How to Negotiate with a Cable or Internet Provider

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As introductory rates expire, it's not uncommon for the cost of cable and internet bills to jump suddenly and begin to climb higher the longer you have service. To some extent, these increases are normal and expected. However, if you find a recently increased cable or wireless bill suddenly straining your budget, you may consider shutting off the service or switching providers altogether.

The good news: Many service providers are willing to work with customers to find a payment option that suits both parties, meaning you may have options to lower costs to something that fits your budget.

First, assess your situation

Review your budget, including your cable and internet bills, to figure out what you can afford. On your cable bill, note your exact level of service, jotting down the number of channels you have and identifying those you can't live without.

For internet usage, evaluate the number of devices that depend on Wi-Fi and track your online activities. Look for a package with a download speed that fits those needs. Providers may advertise the highest speeds possible, but often you don't require that level of service for day-to-day activities.

Cellular service is another budget item worth evaluating. You can often save money by setting up automatic payments, as many mobile carriers offer discounts for doing so. You can also sometimes reduce data costs by switching to a prepaid carrier, with the tradeoff being that you are usually required to pay the full retail price up front for new phones, as opposed to an installment-based payment plan.

Do your research

Once you're familiar with the services you have, compare the prices of competing providers in your area. If you're familiar with the standard rates for each service, you may be able to negotiate with your provider if one of their competitors can offer you a lower rate.

Newer technology is another money-saving opportunity worth exploring that might also be a better fit for your lifestyle. For example, more companies now offer streaming entertainment services and other alternatives to traditional cable. In some cases, cable companies and other traditional service providers) are themselves offering new technology that might be more useful—and cheaper. Make sure to consider all your options.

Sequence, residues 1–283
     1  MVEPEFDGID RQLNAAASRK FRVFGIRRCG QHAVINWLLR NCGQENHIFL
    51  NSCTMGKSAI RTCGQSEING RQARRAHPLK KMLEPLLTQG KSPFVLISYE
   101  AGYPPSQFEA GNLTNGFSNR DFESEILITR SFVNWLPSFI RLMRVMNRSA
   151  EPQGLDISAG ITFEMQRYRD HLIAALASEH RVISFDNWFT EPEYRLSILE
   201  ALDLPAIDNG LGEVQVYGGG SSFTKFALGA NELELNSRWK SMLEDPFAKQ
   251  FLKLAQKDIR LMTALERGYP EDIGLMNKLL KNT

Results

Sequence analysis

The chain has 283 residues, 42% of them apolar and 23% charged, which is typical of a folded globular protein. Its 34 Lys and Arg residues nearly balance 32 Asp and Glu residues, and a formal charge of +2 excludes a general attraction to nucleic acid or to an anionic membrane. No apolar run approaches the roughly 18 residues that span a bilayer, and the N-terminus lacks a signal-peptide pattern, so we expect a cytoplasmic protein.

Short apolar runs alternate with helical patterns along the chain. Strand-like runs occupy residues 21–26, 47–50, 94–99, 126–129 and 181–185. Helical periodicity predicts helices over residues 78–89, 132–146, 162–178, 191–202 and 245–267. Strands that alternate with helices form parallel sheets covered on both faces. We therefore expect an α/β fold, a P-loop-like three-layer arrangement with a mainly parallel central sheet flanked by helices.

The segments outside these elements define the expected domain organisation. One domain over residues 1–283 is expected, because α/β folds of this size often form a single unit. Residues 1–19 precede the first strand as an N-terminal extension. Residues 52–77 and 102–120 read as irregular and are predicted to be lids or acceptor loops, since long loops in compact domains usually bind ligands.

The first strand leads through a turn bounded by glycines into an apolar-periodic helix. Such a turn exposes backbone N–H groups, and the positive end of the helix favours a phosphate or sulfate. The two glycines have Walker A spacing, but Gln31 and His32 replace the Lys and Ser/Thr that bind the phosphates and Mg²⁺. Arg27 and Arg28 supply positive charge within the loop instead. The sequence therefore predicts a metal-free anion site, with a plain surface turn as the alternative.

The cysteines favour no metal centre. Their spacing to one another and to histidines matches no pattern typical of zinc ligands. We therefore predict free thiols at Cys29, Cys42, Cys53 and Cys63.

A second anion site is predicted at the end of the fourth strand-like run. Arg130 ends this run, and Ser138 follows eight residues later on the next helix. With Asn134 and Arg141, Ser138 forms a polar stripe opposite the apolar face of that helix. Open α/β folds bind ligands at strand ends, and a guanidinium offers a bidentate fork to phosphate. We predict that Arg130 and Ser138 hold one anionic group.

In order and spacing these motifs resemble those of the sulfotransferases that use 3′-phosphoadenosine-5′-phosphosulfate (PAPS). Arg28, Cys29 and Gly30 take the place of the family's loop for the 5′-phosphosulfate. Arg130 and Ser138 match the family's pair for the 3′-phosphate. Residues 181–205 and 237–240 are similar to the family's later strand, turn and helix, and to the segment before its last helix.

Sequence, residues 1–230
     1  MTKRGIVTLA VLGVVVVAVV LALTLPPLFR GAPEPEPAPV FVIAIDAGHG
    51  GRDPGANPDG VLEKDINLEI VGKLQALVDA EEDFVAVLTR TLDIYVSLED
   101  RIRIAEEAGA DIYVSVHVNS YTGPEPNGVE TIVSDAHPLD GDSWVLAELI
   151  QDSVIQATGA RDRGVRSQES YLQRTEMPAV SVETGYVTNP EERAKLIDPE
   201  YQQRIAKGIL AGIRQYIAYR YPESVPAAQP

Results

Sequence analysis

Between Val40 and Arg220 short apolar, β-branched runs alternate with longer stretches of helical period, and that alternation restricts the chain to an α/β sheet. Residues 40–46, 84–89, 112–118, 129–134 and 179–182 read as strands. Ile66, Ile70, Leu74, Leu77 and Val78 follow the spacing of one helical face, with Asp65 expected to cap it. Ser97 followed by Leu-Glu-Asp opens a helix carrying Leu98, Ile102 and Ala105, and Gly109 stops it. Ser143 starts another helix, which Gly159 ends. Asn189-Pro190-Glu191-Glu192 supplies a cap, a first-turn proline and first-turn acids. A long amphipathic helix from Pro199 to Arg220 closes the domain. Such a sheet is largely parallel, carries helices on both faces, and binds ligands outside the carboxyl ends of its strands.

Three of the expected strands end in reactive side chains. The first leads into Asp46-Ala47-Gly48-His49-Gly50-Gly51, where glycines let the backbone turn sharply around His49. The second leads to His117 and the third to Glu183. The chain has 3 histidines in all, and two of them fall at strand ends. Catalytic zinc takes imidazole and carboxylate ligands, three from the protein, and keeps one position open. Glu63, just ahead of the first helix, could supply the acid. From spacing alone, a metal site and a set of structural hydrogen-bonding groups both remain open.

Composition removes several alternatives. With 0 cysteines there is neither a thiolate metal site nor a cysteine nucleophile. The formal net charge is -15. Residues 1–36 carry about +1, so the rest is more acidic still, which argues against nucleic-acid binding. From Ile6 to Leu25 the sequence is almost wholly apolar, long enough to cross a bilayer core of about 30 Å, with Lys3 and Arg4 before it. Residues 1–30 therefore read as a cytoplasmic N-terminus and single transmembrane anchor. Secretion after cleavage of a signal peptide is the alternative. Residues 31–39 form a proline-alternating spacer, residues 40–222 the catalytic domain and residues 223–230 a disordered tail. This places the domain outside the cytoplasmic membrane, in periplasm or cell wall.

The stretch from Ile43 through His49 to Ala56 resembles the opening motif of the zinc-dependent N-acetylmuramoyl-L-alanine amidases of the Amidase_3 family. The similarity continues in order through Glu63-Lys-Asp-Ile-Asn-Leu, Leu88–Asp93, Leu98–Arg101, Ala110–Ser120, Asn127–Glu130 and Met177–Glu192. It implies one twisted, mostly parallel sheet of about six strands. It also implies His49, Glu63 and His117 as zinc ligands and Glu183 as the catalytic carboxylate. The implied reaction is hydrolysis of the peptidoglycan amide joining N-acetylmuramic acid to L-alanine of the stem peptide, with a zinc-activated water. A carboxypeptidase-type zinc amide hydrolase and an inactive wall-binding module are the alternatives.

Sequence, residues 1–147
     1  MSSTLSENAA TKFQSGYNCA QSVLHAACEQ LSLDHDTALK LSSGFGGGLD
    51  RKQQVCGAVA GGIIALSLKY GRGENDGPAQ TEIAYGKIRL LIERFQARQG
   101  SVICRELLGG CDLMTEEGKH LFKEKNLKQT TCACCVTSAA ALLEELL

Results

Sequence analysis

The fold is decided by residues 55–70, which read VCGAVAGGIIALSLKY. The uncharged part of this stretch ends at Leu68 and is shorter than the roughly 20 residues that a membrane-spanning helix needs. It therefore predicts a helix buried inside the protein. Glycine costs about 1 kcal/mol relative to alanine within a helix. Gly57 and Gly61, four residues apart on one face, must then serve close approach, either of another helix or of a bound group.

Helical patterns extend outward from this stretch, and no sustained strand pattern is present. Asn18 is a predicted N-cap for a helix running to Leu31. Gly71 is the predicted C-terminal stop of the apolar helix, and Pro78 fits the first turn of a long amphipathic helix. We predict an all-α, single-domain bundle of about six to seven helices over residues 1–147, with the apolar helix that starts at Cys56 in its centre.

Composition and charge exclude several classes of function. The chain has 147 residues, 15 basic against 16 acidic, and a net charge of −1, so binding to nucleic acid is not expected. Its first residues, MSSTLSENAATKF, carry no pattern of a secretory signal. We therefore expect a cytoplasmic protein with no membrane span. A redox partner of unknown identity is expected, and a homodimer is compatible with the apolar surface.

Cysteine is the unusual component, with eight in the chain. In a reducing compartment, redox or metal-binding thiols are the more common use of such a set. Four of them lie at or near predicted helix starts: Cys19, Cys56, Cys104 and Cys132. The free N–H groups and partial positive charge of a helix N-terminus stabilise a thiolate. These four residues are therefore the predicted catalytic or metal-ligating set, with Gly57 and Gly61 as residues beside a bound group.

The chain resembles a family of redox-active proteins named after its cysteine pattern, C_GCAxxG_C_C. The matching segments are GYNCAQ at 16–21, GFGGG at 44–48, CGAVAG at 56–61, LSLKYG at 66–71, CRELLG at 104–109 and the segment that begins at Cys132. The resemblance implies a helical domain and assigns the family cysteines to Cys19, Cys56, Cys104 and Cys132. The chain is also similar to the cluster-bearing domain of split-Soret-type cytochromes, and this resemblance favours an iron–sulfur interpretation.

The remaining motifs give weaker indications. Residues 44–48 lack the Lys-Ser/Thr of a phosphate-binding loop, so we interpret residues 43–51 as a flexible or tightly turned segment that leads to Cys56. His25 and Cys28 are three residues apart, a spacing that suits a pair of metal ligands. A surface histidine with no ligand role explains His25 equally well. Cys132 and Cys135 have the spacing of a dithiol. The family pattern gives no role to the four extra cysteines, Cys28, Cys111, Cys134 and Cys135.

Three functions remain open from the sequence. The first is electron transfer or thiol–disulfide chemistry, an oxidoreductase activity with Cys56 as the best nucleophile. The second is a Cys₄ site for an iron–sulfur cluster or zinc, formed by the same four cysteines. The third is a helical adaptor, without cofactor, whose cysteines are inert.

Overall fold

Make the call

Call your provider's customer service line and ask for the retention department. The retention department may offer you deals on your current package. Go into the conversation with a price goal in mind. However, don't feel you need to accept the first discount, as it likely won't be the best one they can give you. Be clear about whatever problem is causing you to consider canceling your service, such as a strained budget or a money-conscious spouse and always be as polite to the representative as possible during your negotiation.

Seal the deal

When going through this process, have an end-goal price in mind as well as a number or numbers that you'll settle for if the company simply can't meet your request. You might not get your provider to hit that number, but if you have a clear idea of what you'll settle for, you'll be better equipped in negotiations.

It's possible the customer service representative helping you out may attempt to get you to sign a new contract to lower the cost of your plan. However, try to avoid the temptation and turn them down firmly but politely.

Finally, if your service provider genuinely can't offer you a lower rate and you can't afford to keep up with your current bill, be prepared to either switch companies or cut down on the services you pay for to obtain a package that fits your current financial reach.

In the short term, make sure your bill is lower when you receive it the following month and that you're getting the service you were offered for the price you agreed upon. Luckily, usually, all it takes to get mistakes corrected is a call to customer service.

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